Americans increasingly have stopped going out, choosing to just stay home, preferably by themselves. This is true especially of Millennial young adults, who have turned solitude into a fashion trend.
The rise of millennial hermits is a bit puzzling at first blush. Sure, staying inside has its advantages. You’re sheltered from the elements. You can watch TV, which has gotten really good. Your pet is there, if you have a pet. And everyone needs downtime, some of us more than others
. . . .
Research suggests that all this homebody chatter is not just for show: Young people really are more prone to staying in these days. One 2018 paper
, published in the journal Joule
, found that Americans between the ages of 18 and 24 spend a whopping 70% more time at home than the general US population. In another 2018 survey
, conducted by the marketing research firm Mintel, 28% of millennials between 24 and 31 said that they preferred to drink at home because going out was too much effort, compared to just 15% of baby boomers who agreed with that statement. . . .
Technology has certainly played a role in popularizing the hermit trend. Writing for the New York Times in 2016
, Molly Young suggests that services like Tinder, Netflix, Seamless, and Postmates have enabled today’s young people to abandon themselves to the comforts of convenience. “It’s like pouring your money into a savings account,” she writes of the choice to stay in over going out. “You’ll grow marginally; you’ll stay safe; your expectations will be met and never exceeded.” Heading out to a party or an art opening, Young writes, is more of a gamble. Maybe you’ll have an amazing night you’ll always remember, but more likely you’ll just stand around awkwardly and blow $60 on cocktails. . . .
Young’s theory suggests that Netflix and its ilk are facilitating our desire to stay in, rather than compelling us to do so. They’ve thrived because they tap into the comfort-craving, risk-averse portions of our psyches. In the Times article “Am I Introverted, or Just Rude?,” the writer KJ Dell’Antonia also posits that the homebody renaissance may be linked to the popularity of Susan Cain’s 2012 book on introverts, Quiet, which helped spread the (quite valid!) idea that staying in can be a form of necessary self-care. “I wasn’t neglecting my friends, avoiding my fellow parents or letting my community engagements suffer,” Dell’Antonia says of giving herself permission to decline invitations. “I was preserving my energy, engaging in self-care, allowing my ‘tortoise shell’ to protect my vulnerable, precious self.”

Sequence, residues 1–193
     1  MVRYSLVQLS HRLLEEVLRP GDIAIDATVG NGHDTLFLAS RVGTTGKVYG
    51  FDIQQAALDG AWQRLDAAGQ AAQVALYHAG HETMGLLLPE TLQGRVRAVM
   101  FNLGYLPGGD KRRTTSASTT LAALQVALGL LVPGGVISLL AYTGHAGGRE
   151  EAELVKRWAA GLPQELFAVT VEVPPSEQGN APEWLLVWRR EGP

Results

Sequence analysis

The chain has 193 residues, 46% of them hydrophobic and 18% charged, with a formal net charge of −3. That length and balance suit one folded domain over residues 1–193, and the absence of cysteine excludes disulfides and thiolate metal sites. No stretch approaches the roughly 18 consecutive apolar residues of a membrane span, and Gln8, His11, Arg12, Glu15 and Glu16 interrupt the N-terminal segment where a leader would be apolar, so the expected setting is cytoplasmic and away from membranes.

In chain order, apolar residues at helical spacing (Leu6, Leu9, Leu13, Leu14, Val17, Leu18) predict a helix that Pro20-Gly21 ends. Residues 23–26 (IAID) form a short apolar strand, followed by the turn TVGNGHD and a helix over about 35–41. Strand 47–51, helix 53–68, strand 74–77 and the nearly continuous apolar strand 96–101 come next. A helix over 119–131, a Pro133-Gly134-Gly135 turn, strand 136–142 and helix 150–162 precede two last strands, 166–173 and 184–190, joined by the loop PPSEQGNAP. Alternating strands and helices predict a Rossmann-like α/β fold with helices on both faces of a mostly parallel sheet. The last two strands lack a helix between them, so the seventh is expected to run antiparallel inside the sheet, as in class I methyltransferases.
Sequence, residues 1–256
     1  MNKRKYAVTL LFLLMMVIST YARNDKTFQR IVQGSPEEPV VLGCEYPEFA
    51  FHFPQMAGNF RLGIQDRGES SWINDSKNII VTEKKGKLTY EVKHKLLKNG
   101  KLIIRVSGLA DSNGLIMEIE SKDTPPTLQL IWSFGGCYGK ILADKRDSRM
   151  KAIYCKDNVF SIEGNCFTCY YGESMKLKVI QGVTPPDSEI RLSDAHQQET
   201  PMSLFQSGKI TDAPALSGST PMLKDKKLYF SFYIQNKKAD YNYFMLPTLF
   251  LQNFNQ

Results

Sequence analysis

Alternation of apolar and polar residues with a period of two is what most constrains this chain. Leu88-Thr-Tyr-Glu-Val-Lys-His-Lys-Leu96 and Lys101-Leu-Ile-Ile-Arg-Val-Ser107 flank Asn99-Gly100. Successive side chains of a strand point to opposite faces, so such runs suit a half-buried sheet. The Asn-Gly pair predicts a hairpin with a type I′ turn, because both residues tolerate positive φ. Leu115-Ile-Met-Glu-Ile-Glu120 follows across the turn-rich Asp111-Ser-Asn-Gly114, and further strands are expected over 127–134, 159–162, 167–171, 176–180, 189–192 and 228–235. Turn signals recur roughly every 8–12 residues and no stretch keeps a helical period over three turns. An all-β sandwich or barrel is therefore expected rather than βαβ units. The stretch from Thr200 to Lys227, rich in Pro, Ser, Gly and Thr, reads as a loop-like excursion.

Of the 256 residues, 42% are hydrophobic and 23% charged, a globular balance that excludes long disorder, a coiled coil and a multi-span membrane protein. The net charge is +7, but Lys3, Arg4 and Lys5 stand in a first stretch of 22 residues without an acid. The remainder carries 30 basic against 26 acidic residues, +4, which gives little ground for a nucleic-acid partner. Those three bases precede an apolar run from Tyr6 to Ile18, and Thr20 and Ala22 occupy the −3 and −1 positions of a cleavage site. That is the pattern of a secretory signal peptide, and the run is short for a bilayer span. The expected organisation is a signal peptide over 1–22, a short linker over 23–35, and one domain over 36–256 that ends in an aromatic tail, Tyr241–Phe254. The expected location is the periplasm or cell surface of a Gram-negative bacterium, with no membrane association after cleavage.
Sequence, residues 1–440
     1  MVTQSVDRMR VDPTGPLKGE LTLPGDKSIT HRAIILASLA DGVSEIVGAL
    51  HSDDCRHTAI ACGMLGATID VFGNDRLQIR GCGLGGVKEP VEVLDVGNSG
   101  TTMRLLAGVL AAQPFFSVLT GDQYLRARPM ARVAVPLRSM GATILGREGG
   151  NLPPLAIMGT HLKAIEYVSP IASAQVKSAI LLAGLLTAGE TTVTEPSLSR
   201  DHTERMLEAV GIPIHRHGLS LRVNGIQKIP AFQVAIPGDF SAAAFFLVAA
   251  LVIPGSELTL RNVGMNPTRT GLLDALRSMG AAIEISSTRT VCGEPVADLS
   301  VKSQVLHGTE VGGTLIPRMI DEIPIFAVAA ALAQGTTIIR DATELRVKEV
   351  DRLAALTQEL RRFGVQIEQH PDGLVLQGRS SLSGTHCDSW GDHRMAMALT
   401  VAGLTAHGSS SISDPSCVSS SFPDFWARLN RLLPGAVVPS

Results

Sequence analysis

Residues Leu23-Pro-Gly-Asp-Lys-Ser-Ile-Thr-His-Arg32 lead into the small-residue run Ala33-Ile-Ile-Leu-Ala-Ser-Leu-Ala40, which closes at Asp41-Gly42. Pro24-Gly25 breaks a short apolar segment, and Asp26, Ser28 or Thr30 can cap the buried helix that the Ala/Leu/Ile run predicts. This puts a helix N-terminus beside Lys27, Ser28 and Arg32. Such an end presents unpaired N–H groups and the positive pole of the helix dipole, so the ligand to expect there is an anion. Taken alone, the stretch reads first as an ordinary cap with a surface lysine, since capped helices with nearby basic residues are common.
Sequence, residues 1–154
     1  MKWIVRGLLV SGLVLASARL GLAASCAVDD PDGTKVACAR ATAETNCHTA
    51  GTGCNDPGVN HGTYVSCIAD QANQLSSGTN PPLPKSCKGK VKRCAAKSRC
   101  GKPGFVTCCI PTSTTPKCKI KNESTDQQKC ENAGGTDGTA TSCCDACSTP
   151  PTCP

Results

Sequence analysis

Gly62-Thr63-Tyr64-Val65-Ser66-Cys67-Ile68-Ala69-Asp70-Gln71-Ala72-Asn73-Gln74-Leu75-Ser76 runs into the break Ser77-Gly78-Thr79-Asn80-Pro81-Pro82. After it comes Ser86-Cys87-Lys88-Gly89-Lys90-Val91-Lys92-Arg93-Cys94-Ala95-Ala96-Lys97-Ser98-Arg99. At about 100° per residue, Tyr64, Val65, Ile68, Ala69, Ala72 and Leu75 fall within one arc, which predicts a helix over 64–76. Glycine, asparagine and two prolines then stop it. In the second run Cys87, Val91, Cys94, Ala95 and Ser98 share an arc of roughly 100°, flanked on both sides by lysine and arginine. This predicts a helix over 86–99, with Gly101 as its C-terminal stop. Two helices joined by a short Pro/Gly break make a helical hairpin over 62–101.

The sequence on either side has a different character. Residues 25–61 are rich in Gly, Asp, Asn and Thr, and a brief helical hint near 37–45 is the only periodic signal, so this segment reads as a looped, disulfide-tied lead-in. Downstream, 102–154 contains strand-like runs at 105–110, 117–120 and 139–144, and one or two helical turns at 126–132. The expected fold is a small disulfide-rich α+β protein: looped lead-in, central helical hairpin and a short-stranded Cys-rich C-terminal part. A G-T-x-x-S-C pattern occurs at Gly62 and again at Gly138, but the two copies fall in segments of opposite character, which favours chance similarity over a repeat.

The article goes on to point out that socializing of a sort is still taking place, even among the homebound, since a major solitary activity is getting absorbed in the ersatz interactions of social media.
Looking at the issue more broadly than the habits of the Millennials, this impulse to just stay home–sometimes called “cocooning,” though the butterflies decline to come out–seems to be reflected in other areas of contemporary life. The number of people going to the movies is down. Attendance at sporting events